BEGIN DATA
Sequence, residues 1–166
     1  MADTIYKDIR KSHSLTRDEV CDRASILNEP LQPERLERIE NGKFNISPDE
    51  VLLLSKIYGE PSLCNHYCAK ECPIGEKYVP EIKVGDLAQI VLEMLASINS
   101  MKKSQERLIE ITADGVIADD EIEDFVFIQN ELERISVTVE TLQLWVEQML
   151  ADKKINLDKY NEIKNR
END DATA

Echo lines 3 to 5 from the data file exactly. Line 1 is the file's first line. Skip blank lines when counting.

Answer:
    51  VLLLSKIYGE PSLCNHYCAK ECPIGEKYVP EIKVGDLAQI VLEMLASINS
   101  MKKSQERLIE ITADGVIADD EIEDFVFIQN ELERISVTVE TLQLWVEQML
   151  ADKKINLDKY NEIKNR